Have you ever wondered how much lead is in old lead based paint? I know that some of you folks out there in "houseblogland" are concerned about lead paint. There's a couple in Paw Paw, Illinois that have expressed their concerns for the stuff as it falls from their ceiling into their Wheaties AND
there is a couple in Eutaw, Alabama that are snorting the fumes and wallowing in the aroma as they embark on a long, tedious journey to remove some of the stuff from their woodwork.
As for me, I have been around lead since I was a small boy. I've painted lead soldiers for 30 years, shot .75 calibre lead balls from a matchlock musket and stripped so much lead paint from woodwork I can't remember how much... I can't remember how.... I can't remember.... (hold on, isn't memory loss a sign of lead poisoning?)
Well, we are often reminded about the hazards of lead paint. Especially when there are children in a house where old paint is chipping or flaking off. Lead paint that is intact is not a real hazard. It becomes a problem when it is removed, sanded or flakes off a surface because it can be ingested in dust form. While flipping through the pages of my book called "Household Discoveries" published in 1909, I found some recipes for paint.....
The basic recipe is this;
One hundred pounds of pure white lead; 4 to 5 gallons of pure raw linseed oil; half a gallon of pure turpentine; 1 pint of pure turpentine japan.
Primer coats have more linseed oil, flat paint finishes have more turpentine and turpentine japan is a drying agent that speeds up the evaporation of linseed oil.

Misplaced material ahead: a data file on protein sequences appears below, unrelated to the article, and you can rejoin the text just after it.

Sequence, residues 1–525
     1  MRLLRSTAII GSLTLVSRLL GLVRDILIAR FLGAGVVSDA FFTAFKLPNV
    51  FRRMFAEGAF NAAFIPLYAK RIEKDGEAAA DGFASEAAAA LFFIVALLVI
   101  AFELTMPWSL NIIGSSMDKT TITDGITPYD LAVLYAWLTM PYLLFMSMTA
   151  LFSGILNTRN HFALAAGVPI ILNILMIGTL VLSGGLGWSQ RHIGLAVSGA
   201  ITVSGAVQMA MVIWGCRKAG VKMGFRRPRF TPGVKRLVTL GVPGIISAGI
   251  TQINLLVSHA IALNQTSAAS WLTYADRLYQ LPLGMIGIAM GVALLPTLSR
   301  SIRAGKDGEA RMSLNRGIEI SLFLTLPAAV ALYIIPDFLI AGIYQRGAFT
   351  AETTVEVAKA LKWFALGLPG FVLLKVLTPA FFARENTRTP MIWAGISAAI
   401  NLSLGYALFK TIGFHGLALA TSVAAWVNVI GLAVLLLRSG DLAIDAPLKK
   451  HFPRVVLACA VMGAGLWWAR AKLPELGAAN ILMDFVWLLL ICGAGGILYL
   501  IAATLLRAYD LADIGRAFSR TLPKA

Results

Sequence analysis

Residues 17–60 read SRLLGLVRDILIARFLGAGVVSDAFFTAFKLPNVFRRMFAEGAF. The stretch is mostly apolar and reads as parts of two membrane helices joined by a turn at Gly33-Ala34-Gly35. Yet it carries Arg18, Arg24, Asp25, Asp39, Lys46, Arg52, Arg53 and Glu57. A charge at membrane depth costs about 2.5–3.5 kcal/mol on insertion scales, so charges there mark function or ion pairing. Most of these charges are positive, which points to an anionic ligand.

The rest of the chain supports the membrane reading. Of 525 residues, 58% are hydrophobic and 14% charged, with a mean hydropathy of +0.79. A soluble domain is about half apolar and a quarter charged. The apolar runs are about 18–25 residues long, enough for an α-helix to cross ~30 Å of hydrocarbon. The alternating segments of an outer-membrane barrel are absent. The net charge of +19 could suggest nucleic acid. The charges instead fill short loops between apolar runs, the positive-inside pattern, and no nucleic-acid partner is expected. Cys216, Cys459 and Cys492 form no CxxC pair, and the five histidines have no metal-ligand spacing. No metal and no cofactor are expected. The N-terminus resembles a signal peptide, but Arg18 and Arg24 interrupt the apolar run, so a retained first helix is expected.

However "white lead" is actually a mixture of lead oxide and charcoal. Other recipes include using zinc oxide, chalk, whiting, lime or road dust as fillers. Color tints may also contain white lead, red lead and lead chromate. As a rule, the book states divide the number of square feet of the surface to be painted by 18. The resulting number is the number of pounds of pure ground white lead needed to give three coats.
So if your walls have had three different color layers of paint applied in the past then you could have 100 lbs. of lead oxide in one room! That is a lot of lead! If you do strip it and put the flakes in a garbage bag at least you will now know why the bag is so heavy.
For more information about the hazards of lead in the home, go to:www.nsc.org/library/facts/lead.htm
Wait until I tell what else gasoline was used for in 1909. I'll save that for a later post.